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Hell has arrived in Soho with works that disrupt people’s lives

13 April, 2018

• WESTMINSTER City Council’s Conservative administration has long made it clear that, in contrast to property developers, residents don’t matter.

But the misery and inconvenience of developments that overlap pavements, block streets with roadworks, and wipe out anything and everything in their path, is made immeasurably worse by the behaviour (I can’t call it activity) of workers employed by the council itself to resurface its streets.

These mind-bogglingly slow, and usually invisi­ble, people took about nine months to resurface Berwick Street, one of the narrowest but most essential streets in Soho.

In other countries high­ways and dams have been built in less time. But to Hell with the nightmare this lack of access created for everybody.

And even before Berwick Street was finished, the same people with the same work ethic, closed and set about Broadwick Street. Why should the inconvenience to residents and small businesses matter?

For months the access to the whole west half of Broadwick Street was via Poland Street, where the usual traffic flow direction had been reversed, and Lexington Street, while the only way out was via Beak Street, a street so narrow and lead­ing to such static traffic lights that it’s long been known as “the car park”.

Somehow this just about worked, although taxis didn’t want to come near the area, making it difficult for those of us who need them to get to and from hospital and other medical appoint­ments.

But then, with no warning, last week on April 5, I walked out of my block of flats in Dufours Place and into Hell. I hadn’t been out since Tuesday, when the mess had been the same as usual. Now, without a word of warning to any of us, the workmen had dug a crater across Poland Street’s junction with Broadwick Street and shut it off.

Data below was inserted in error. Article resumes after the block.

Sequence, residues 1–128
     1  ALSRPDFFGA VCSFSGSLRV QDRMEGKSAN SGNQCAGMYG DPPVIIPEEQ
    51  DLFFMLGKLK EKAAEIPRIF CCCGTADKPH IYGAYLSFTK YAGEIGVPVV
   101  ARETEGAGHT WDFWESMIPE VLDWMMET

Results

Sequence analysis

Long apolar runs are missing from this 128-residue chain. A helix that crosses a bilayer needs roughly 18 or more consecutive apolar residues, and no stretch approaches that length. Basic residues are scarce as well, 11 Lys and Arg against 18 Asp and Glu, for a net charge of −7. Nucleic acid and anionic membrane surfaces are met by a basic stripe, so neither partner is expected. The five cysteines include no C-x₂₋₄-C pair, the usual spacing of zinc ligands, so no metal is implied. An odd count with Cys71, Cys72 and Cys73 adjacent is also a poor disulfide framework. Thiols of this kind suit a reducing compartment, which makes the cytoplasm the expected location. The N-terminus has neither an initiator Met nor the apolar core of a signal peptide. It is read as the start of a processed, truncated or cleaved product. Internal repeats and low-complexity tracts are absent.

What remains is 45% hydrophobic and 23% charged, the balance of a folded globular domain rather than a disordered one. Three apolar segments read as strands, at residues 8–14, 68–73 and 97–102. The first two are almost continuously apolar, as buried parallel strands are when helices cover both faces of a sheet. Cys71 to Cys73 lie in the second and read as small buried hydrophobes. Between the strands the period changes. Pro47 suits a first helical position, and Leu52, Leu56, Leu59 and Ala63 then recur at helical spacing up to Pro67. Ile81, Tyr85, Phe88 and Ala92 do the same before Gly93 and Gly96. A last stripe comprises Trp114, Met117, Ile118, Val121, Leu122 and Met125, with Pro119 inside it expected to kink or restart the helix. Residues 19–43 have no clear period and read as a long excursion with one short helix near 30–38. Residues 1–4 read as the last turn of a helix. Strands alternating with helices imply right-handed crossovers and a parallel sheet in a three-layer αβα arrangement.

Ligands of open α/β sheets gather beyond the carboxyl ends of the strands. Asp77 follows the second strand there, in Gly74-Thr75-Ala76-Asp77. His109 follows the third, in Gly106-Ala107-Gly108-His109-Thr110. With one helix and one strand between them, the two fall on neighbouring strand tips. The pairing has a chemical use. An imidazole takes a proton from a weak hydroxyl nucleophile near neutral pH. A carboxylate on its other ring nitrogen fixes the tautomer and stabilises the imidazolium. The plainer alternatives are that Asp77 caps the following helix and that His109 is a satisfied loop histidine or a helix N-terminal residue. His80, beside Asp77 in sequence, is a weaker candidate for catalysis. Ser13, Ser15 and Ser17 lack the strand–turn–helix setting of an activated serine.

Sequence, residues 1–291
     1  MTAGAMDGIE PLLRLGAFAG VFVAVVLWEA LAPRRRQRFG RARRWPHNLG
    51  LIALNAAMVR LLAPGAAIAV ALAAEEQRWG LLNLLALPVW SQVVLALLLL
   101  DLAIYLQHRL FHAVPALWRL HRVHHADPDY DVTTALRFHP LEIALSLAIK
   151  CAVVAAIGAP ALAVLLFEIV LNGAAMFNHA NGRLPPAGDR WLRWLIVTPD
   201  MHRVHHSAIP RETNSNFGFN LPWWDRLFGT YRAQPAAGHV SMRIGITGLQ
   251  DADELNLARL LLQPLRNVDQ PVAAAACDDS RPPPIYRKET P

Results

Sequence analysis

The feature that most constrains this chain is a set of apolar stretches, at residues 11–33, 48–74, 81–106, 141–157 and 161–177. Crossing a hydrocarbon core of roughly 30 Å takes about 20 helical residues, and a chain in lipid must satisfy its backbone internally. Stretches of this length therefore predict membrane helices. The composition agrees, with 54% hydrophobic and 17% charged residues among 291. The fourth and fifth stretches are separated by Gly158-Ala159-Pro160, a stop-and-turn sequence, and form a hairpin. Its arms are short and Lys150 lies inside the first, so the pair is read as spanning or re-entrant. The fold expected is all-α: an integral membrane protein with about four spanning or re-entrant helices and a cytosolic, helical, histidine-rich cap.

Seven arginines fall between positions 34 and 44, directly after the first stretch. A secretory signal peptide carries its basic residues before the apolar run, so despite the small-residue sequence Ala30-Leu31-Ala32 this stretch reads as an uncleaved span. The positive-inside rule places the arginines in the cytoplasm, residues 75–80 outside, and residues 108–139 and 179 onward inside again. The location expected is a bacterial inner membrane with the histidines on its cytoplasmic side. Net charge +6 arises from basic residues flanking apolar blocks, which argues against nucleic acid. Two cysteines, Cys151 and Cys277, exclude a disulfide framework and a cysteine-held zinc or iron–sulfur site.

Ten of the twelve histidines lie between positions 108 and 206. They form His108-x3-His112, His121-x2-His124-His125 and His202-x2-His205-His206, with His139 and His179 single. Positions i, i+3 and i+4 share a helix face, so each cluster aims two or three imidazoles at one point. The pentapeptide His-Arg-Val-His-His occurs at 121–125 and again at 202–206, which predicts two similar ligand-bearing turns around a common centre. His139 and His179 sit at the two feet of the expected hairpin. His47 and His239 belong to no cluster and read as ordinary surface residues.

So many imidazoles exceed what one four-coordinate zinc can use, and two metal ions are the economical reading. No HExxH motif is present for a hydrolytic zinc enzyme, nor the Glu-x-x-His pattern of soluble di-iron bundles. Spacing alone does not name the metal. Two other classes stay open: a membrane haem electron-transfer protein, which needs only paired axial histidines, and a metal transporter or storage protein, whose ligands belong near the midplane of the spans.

Vans of all kinds, which appeared to have come from Lexington Street, had parked as though they had nowhere else to go, while Poland Street was lined with vehicles of all kinds, their drivers looking desperate and attempting to reverse out of the trap they had driven into.

I learnt later that the daughter of a woman in my block who’d had a stroke not long ago and was due at a vital appointment in University College Hospital on Wednesday (the first day of the new disorder) had been forced to push her in a wheelchair as far as Regent Street before she could find a taxi.

We now have two immobilised stroke victims in my building alone. And, since there is apparently an element in the council which holds social housing residents in especial contempt, I’d like to point out that both these residents are leaseholders.

People who live in Kemp House and Ingestre Court, at the east end of Broadwick Street, have suffered years of misery caused by property developers, but there are far more flats here, around the west end of the street, and we’re all being ignored.

There are three blocks in Dufours Place alone, and two of those blocks have disabled residents. There are private flats all around the Marshall Street end of the street, and another social housing block in Marshall Street itself.

And all of us are now hemmed in, without the faintest consideration for the nightmare which also affects businesses around and about us who depend on deliveries.

I have no idea how to reach or get back from a cancer unit I attend, or the spinal treatments after which I must not walk at all. There are wheelchair users here, you name it. And how an emergency vehicle, whether ambulance or fire engine, is to get in and out again, none of us know.

If only someone would look into the past. As far back as 1665, the remarkable Earl of Craven wanted to do something humane and intelligent about the Great Plague, and in Soho he created an enclosed village of houses, together with a physician and a surgeon, to attend plague victims and to prevent the disease spreading.

All these centuries later, and almost on the same spot, we are as enclosed as that village, but without an attendant physician or surgeon. Somehow we have to reach such help, whether we can or not. And this is progress?

We also lack one of the Earl’s plague pits, although the council might as well dig one while it’s got the street up and chuck us all in. This is a council that certainly doesn’t care about life or death.

Broadwick Street, W1


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